adaptation23.pngIt was a big weekend for adaptations of children’s books as Alice in Wonderland took $34.5 at the box office and Diary of a Wimpy Kid took $21.8 million at movie theaters around the country.

According to Hollywood Reporter, the Tim Burton-directed adaptation of Lewis Carroll‘s story has earned $265.8 million in 17 days. Film executives were happy with Wimpy Kid‘s debut–the first in a series of books written by Jeff Kinney. Follow this link to watch the trailer.

Here’s more about the adaptation from the article: “Based on the first book in a kids’ literary series, PG-rated ‘Kid’ drew audiences evenly divided between males and females, and comprised 59 percent of patrons under age 25. ‘It’s a testament to the fan base this property enjoys,’ Fox senior vp distribution Chris Aronson said.”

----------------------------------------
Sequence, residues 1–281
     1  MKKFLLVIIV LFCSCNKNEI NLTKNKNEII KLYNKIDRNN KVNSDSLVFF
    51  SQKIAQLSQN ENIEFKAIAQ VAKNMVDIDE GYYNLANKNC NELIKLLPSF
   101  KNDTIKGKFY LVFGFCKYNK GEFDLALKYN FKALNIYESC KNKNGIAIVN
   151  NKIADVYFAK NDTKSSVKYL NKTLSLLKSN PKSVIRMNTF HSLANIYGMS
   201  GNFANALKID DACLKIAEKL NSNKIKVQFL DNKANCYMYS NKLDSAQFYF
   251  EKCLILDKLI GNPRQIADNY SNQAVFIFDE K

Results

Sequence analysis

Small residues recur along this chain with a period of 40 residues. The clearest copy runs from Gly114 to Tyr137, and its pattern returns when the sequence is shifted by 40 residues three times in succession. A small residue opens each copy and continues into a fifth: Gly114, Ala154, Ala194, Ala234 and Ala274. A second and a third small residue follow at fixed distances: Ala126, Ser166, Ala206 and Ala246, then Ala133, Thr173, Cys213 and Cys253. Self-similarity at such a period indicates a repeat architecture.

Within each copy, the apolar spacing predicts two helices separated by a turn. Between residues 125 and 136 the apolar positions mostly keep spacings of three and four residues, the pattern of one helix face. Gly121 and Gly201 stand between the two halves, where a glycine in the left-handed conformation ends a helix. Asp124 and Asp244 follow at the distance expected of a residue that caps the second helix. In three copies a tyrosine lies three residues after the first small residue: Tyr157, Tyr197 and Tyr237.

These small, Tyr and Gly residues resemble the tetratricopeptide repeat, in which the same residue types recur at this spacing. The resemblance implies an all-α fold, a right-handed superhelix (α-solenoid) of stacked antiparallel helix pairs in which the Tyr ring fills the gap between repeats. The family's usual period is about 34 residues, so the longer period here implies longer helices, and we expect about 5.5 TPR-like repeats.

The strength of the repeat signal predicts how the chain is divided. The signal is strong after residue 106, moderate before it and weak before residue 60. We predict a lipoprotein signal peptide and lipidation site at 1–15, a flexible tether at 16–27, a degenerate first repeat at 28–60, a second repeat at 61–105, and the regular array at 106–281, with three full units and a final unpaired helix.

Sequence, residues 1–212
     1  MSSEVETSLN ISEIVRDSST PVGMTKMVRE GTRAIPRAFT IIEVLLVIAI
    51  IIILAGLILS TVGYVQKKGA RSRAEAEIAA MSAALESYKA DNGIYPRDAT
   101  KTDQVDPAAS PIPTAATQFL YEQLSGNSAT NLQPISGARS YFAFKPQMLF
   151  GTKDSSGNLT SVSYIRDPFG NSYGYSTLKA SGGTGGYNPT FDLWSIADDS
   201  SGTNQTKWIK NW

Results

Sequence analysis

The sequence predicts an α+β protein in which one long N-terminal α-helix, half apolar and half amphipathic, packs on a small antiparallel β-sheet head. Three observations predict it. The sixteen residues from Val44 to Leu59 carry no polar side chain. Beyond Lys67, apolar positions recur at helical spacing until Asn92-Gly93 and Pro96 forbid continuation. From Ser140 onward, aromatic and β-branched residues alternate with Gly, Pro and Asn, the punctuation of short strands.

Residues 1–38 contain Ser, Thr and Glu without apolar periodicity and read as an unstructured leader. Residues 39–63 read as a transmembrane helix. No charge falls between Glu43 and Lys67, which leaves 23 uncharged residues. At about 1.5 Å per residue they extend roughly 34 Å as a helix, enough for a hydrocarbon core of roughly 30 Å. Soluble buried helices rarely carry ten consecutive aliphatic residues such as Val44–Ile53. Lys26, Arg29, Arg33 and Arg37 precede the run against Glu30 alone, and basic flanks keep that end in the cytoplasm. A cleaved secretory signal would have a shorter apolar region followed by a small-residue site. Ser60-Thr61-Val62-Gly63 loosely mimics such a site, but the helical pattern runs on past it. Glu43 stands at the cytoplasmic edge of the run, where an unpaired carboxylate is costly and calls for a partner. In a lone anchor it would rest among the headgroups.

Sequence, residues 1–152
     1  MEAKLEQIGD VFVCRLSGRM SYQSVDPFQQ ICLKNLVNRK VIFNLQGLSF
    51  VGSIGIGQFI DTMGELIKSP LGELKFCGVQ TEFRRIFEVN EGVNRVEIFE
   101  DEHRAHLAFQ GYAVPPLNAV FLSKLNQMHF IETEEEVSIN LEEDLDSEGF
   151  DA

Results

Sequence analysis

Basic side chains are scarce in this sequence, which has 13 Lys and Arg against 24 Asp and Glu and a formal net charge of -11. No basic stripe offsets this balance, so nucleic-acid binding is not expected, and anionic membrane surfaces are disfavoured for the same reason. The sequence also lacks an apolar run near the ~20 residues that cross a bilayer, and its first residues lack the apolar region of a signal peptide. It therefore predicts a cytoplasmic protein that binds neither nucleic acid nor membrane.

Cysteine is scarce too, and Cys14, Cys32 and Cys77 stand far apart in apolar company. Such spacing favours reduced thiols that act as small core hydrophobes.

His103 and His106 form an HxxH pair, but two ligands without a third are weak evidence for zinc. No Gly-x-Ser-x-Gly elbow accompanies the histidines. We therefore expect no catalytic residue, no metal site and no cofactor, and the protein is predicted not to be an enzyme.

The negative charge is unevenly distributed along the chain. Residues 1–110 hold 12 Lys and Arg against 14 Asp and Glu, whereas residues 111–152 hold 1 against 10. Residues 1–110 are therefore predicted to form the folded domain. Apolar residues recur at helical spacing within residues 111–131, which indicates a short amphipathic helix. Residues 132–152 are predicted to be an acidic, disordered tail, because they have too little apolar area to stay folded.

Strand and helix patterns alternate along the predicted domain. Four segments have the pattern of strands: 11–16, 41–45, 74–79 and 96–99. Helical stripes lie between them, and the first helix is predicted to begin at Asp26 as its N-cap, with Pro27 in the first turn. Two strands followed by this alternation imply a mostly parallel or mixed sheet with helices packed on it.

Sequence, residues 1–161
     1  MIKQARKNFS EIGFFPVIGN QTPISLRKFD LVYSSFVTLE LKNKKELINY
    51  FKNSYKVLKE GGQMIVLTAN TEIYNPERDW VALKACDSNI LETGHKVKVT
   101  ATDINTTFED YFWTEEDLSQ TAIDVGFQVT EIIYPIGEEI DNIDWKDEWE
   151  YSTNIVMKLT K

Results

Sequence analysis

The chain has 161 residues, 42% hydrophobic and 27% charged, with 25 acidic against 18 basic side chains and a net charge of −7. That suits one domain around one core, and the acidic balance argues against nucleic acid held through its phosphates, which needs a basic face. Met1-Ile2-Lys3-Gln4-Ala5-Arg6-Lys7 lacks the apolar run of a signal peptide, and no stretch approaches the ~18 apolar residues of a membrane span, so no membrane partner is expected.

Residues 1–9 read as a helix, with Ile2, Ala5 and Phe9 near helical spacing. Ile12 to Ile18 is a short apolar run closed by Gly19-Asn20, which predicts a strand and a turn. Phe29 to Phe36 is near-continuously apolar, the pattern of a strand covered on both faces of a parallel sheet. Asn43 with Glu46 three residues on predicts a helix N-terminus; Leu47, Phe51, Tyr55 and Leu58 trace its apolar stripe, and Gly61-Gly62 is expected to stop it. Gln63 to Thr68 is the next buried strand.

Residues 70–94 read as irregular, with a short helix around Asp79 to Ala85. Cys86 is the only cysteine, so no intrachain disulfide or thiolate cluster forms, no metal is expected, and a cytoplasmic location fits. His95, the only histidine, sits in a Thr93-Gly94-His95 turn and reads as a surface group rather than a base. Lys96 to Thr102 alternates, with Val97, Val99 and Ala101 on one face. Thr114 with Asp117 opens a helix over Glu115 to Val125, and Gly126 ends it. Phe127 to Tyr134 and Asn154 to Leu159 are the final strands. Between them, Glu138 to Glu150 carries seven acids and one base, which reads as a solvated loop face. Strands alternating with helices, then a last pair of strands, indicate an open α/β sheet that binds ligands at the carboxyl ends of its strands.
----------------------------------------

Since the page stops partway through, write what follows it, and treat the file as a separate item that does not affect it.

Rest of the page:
Anne Rice Vook Debuts; Company Plans Over 500 Titles in 2010

arvook.jpgBestselling novelist Anne Rice launches her inaugural vook today, a multimedia version of her 1984 vampire story, “The Master of Rampling Gate.”

To find out more, we caught up with Vook CEO Brad Inman–who said the company has more than 500 titles planned for 2010. According to Inman, the company shot between six and eight hours of footage for the Rice vook, including a New Orleans tour with her son, Rice interviews, and expert commentary.

The company recently secured $2.5 million in seed funding, and he shared some upcoming projects: “We will be releasing a vook for Seth Godin‘s “Unleashing the Ideavirus” next week, which we’re thrilled about. We have also just released “Alice’s Adventures in Wonderland,” which includes beautiful videos about Lewis Carroll and the Oxford community that inspired him to write this classic tale. We think that people are really going to enjoy it, especially as enthusiasm grows around this story with the Tim Burton movie coming out on Friday.”